I've given this book four, rather than five stars because I haven't read many books which I thought were perfect. Even this one has its flaws (such as a rather pedestrian narrative style). But those flaws are minor in comparison to the truly compelling characters and gripping tale woven by Du Maurier. I only just recently read this for the first time and I was surprised to find that it was a much better read than I thought it would be. I love the Hitchcock movie and was worried that the book wouldn't be as good, but boy was I wrong! The suspense is chilling from the moment the new Mrs. De Winter arrives at Manderley. Du Maurier's greatest achievement is to have created a narrator who is so young and inexperienced that Rebecca (who of couse is never present in the novel) seems more alive than our heroine! In a way, the heroine (who remains unnamed, in what must be one of the master strokes of the novel) becomes more interesting as she, like Mrs. Danvers, becomes more and more obsessed with the dead Rebecca. The slight hint of a lesbian attachment between Rebecca and "Danny" adds spice to the otherwise conventional romance aspect of the novel. In fact, I found this story interesting as a tale of intimate relationships between women - even Maxim, the main male in the book fades into the background as Rebecca beomes more prominent in everyone's memory. I could not put this down and was glad to find that I liked it as much as the movie!
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24 of 26 people found the following review helpful
5.0 out of 5 stars "Last night I dreamt I went to Manderley again", April 22, 2006
This review is from: Rebecca (Paperback)
Rebecca is a mystery novel in which nearly every character makes false assumptions that lead to false conclusions. From the catty and gauche widow Mrs. Van Hopper to the suave widower Maxim de Winter, nearly everyone in Rebecca is wrong about something. For the nameless narrator, her incorrect assumptions are founded on Mrs. Van Hopper's gossip and build on each other until they have constructed a person and a past that never existed and a future in which every action and utterance have two meanings-the one that the narrator perceives and the real meaning.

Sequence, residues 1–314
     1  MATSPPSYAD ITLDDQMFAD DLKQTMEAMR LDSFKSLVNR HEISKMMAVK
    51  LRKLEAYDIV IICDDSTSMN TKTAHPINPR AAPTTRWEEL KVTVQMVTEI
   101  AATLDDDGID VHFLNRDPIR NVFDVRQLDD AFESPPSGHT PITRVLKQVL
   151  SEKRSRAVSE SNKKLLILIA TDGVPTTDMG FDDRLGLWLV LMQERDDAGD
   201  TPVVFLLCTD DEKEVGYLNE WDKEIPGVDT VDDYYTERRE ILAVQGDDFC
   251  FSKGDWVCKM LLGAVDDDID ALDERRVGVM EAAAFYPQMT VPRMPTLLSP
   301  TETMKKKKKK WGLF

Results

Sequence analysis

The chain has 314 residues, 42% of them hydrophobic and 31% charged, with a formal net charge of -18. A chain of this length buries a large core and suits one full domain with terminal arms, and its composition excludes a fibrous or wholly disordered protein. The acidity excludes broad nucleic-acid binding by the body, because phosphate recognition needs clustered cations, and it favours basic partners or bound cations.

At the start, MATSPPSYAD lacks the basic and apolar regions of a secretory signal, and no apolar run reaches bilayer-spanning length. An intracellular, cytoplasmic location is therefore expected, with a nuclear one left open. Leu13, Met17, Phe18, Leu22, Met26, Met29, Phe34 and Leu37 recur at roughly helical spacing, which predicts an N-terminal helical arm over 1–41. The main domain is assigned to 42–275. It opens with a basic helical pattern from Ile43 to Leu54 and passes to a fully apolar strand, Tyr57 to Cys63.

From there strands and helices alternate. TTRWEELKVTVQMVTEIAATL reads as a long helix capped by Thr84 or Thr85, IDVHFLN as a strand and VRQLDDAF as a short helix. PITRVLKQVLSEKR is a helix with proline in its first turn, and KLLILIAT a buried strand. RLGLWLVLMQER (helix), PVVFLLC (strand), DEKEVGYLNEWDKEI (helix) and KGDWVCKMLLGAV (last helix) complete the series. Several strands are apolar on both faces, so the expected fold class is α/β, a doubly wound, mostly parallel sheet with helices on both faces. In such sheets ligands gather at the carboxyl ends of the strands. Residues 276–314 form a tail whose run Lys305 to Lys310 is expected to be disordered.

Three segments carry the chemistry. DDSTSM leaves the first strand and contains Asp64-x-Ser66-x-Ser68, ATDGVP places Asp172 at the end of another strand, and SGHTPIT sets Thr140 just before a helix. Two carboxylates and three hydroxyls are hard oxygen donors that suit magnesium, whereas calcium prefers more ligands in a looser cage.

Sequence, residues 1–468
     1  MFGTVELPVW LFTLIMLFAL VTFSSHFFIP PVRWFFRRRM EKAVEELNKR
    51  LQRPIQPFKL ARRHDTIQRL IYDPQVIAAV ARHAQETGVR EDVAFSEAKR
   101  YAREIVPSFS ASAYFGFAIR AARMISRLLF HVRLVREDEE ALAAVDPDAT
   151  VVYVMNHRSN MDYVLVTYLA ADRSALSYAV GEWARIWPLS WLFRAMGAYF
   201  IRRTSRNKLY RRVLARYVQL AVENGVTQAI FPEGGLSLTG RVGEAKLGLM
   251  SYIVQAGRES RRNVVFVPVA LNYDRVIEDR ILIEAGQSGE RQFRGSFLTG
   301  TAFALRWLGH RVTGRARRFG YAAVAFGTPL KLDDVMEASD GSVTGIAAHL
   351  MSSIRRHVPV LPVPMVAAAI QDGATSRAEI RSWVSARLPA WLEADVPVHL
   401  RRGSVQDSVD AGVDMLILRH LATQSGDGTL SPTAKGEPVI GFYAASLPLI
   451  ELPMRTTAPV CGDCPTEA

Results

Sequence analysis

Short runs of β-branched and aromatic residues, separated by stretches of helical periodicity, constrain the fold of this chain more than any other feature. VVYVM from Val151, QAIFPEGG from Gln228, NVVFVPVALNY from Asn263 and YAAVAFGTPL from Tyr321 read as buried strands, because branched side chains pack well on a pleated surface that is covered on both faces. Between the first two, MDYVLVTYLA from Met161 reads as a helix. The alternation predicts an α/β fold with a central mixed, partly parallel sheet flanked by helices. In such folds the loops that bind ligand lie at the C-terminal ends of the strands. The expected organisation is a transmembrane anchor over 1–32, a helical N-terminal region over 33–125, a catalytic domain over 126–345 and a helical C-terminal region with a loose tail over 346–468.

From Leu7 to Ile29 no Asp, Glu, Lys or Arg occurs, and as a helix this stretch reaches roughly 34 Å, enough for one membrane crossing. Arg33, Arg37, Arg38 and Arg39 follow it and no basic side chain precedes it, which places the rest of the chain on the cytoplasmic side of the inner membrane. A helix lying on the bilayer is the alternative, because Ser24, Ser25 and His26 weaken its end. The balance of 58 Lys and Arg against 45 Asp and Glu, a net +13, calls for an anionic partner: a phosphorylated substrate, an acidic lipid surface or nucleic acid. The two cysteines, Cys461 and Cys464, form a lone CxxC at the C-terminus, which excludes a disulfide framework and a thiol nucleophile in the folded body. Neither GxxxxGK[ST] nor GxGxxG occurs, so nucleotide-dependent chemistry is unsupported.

For example, Maxim's sister Beatrice tells the narrator that she is nothing like his first wife, the late Rebecca de Winter, who died in a tragic boating accident. The narrator accepts this statement and remembers it as she learns more about Rebecca. She feels herself to be plain, uninteresting, shy, and unsophisticated. By contrast, and by all accounts that the narrator hears, Rebecca was beautiful, fascinating, charismatic, and witty. Even Maxim's carefully diplomatic estate manager, Frank Crawley, tells the narrator, ". . . I suppose she was the most beautiful creature I ever saw in my life." Not surprisingly, the more she learns, the more the narrator needs to know about Rebecca-a first wife whom she cannot have replaced in the brooding, moody Maxim's affections.

The narrator falsely interprets other people and what they say and do. The intimidating housekeeper, Mrs. Danvers, gives her several hints that Rebecca was exacting and demanding in her management of the household and staff. The second Mrs. de Winter is also told how much Mrs. Danvers loved and admired Rebecca. The implication is clear; the narrator's only hope of coming to terms with the formidable housekeeper is to take charge. Instead, she decides that the best way to mollify Mrs. Danvers is to make herself unobtrusive and to let her have full rein over the household's management. Her na?vet? and self-effacing behavior give Mrs. Danvers a reason to despise as well as dislike her.

Many, if not most, readers are probably misled as well. Rebecca's appearance and charms are described by several people in several places, and her name or initials appear on nearly everything she owned. On the other hand, the narrator is never described or named. Even when Mrs. Danvers calls her "Mrs. de Winter" over the house telephone the first time, the narrator responds with a denial of her new identity but without reference to her former one. "I'm afraid you have made a mistake. Mrs. de Winter has been dead for over a year." Surrounded by Rebecca's belongings, Rebecca's servants, and Rebecca's friends and husband, the narrator sinks further into anonymity.

There are few clues to the narrator's looks, other than that she has "lank hair" (compared to Rebecca's "clouds" of black hair) and that she is "plain," according to herself. Yet Rebecca's cousin, Jack Favell, flirts with her and repeatedly hints that she is a fresh, attractive younger wife of the sort that affluent older men like Maxim often choose. The reader should also ask why Maxim does marry someone who apparently is so different from the first wife he adored.